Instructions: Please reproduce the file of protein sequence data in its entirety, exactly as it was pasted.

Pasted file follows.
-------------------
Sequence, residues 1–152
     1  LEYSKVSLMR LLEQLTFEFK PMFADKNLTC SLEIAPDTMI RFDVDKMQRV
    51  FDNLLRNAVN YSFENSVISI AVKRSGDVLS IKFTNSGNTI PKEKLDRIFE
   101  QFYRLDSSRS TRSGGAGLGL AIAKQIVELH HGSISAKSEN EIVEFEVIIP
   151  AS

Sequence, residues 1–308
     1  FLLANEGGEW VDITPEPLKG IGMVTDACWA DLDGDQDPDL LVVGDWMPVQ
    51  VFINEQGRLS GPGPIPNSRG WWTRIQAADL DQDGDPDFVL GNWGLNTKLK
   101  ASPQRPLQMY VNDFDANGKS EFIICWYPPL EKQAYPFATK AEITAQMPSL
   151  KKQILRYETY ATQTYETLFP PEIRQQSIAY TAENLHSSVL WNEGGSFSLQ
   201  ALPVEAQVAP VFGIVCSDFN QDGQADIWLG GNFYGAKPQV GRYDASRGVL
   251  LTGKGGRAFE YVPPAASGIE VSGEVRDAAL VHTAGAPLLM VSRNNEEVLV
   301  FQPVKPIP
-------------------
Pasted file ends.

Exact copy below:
Sequence, residues 1–152
     1  LEYSKVSLMR LLEQLTFEFK PMFADKNLTC SLEIAPDTMI RFDVDKMQRV
    51  FDNLLRNAVN YSFENSVISI AVKRSGDVLS IKFTNSGNTI PKEKLDRIFE
   101  QFYRLDSSRS TRSGGAGLGL AIAKQIVELH HGSISAKSEN EIVEFEVIIP
   151  AS

Sequence, residues 1–308
     1  FLLANEGGEW VDITPEPLKG IGMVTDACWA DLDGDQDPDL LVVGDWMPVQ
    51  VFINEQGRLS GPGPIPNSRG WWTRIQAADL DQDGDPDFVL GNWGLNTKLK
   101  ASPQRPLQMY VNDFDANGKS EFIICWYPPL EKQAYPFATK AEITAQMPSL
   151  KKQILRYETY ATQTYETLFP PEIRQQSIAY TAENLHSSVL WNEGGSFSLQ
   201  ALPVEAQVAP VFGIVCSDFN QDGQADIWLG GNFYGAKPQV GRYDASRGVL
   251  LTGKGGRAFE YVPPAASGIE VSGEVRDAAL VHTAGAPLLM VSRNNEEVLV
   301  FQPVKPIP